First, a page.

Monday, June 26, 2017

One Step Back, Two Steps Forward

photo by Elaine Perkinson

Can you find the chick taking shelter in the shade of the vegetation?
photo by Elaine Perkinson
The rain has been difficult for our birds this year and a large number of the Least Terns have re-nested.  We just had more Least Terns hatch in the last couple of days and they are in the group facing the inlet side... away from the point.  You may see Robert Snowden on that side of the posting observing them as a part of his UNCW Graduate study.  If you are unsure where to look to see a chick, just follow a Least Tern returning to the colony with a fish.  This parent will lead you right to their nest and you will be able to watch them feed their chicks.

The early nesters that were successful have fledglings that are visible and we have seen a high count of 12 fledglings so far.  


photo by Elaine Perkinson

photo by Elaine Perkinson
photo by Elaine Perkinson

photo by Elaine Perkinson

Black skimmers continue to mate, incubate, many eggs have hatched and there are many chicks.  We currently have 167 nests, i.e., 167 pairs and at least 334 Black Skimmers!  Many of the chicks can be seen under the parents in the nest scrape with a scope...which is so adorable.  Several chicks are now visible walking close to the parents outside the scrapes.

We now have 14 Common Tern nests and some chicks have been spotted and are good size.  

One pair of Oystercatchers has re-nested closer to the nesting colony instead of behind the large dunes.  I am hopeful that they will be successful.  The pair is facing the ocean side and visible outside the posting!

Tuesday, June 13, 2017

Common Tern Chicks Seen in Colony

It's official!  Common Term chicks were seen in the colony this morning. Thanks to Bird Steward Jackie Linder for her careful observations this morning and for capturing these images of our first Common Tern chicks of the season. Now that the Common Terns have chicks beware!  Common Terns often sit on the postings ready to dive-bomb anyone they perceive as a threat to their young.



Monday, June 12, 2017

Spend a Morning on the Beach!

If you need some "feel good moments" in your day, head for the south end of Wrightsville Beach. Black Skimmer chicks abound, Least Tern chicks are already learning to fly, and the suspense continues to build as we wait to see when American Oystercatcher and Common Tern chicks will appear.

Look closely to find FOUR Black Skimmer chicks in this photo!

This chick is trying to devour a snack as big as he is!

This Common Tern is sitting on a nest right behind a Black Skimmer with her chicks.  We are still waiting to see the Common Tern chicks running around the beach.

This Least Tern chick already has some feathers and was seen taking a first short flight across the beach.

There are many American Oystercatchers on the beach but no sign of chicks YET!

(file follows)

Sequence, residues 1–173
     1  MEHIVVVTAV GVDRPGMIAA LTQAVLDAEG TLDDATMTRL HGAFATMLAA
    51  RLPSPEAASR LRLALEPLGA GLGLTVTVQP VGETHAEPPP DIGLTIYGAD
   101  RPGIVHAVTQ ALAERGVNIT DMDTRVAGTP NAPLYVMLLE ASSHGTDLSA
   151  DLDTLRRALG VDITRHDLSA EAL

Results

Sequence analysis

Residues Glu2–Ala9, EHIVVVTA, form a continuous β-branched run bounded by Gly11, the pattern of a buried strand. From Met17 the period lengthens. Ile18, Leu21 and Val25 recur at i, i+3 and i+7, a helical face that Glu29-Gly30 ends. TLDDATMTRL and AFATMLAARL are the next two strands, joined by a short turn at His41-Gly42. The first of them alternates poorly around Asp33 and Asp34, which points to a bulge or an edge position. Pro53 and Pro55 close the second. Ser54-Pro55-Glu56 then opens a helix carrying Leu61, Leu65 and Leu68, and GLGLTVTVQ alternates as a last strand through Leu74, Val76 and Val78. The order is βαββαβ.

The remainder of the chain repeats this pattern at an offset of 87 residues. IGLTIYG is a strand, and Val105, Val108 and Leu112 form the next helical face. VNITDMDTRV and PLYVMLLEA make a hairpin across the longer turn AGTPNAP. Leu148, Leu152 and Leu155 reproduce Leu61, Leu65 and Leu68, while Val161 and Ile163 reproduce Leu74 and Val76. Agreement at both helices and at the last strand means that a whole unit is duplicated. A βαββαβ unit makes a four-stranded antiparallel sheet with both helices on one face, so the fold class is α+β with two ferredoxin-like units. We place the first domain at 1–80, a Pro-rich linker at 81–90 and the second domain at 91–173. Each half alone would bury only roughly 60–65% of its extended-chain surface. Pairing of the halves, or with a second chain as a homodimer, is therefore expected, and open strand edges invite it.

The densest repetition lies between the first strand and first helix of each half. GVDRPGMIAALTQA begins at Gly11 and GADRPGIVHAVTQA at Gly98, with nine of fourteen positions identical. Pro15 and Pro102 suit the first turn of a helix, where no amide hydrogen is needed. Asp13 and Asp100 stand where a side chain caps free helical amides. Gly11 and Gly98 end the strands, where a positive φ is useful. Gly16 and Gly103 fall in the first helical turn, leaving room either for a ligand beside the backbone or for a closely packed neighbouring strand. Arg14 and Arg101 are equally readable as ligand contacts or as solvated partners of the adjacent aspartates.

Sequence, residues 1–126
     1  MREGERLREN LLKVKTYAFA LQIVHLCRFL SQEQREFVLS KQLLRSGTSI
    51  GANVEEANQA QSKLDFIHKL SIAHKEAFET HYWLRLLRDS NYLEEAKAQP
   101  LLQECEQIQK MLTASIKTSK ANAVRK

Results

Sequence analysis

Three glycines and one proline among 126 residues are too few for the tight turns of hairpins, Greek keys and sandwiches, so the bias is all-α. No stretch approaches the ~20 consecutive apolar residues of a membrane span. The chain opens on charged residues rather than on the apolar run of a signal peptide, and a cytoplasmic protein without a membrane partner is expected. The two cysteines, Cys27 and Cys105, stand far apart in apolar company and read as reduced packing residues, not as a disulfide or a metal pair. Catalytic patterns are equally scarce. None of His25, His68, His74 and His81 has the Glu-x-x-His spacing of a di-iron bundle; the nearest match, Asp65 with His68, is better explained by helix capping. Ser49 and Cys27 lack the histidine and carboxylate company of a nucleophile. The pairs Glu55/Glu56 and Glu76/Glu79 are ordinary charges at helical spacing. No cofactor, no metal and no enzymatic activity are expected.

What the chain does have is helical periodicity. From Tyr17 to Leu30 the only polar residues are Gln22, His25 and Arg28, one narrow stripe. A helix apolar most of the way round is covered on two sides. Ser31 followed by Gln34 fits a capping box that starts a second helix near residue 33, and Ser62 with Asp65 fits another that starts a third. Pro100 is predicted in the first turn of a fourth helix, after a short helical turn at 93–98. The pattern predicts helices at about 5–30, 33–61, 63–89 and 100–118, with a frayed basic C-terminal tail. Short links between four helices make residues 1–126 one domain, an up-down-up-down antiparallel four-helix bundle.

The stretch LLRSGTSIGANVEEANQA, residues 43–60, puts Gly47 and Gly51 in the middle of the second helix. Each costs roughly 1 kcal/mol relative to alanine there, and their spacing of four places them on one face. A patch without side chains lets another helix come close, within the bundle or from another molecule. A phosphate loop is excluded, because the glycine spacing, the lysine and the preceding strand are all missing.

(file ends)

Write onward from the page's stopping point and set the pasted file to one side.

Sunday, June 11, 2017

Least Terns and Black Skimmers, June 9

If you haven't had a chance to get out to the south end of Wrightsville Beach to see the new Least Tern and Black Skimmer chicks, here are some great photos from bird Stewards Jackie and Eric White. The last three photos show that some of the Least Tern chicks are already beginning to lose that baby chick down and are becoming fledglings with feathers that will soon help them start flying on their own.

Least Terns

Black Skimmers

Beach Update, June 8

Thanks to our new Bird Steward, Jackie Lindner, for these photos and commentary...

The Least Tern chicks continue to grow and are running EVERYWHERE.  Most precocious but need to get on with the business of surviving.  Parents are still very vigilant and provide lots of little fish for nourishment.  The chicks seem to have some survival instincts in that they frequently run for the small clumps of grasses available for both shade from the heat and protection from some predators.  It still amazes me how very well camouflaged they are.  Until you get used to seeing them, they’re almost invisible on the sand.  Eggs are extremely difficult to spot.

The third photo is one of the ground predators - the dreaded ghost crab.  This is what is called a mobbing for the adults trying to discourage him from grabbing one of the chicks and pulling it down in his hole.  There are LOTS of them on the beach and many inside the posted area.  I like this photo because it gives you a good idea of how big they are in comparison to the adult birds so you can imagine how vulnerable the chicks are to this villain.

The little guy in the next photo seems to be wanting to get on with flying lessons.  He must have been one of the early hatchlings as he’s a bit bigger than some of the other chicks and ready to stretch his or her (tiny) wings.

The last photo is just another example of my fascination with the dedication of the pairs.  You frequently see one of the adults with a little silver fish in it’s beak trying to feed either a mate or a chick.  

Wednesday, June 7, 2017

And Now We Have Skimmer Chicks!

Black Skimmer chicks have arrived and are ready to entertain anyone who comes to the south end of Wrightsville Beach.  Here are our first pictures of these comical creatures....

photo by Jin Bain

photo by Jin Bain

photo by John King

photo by John King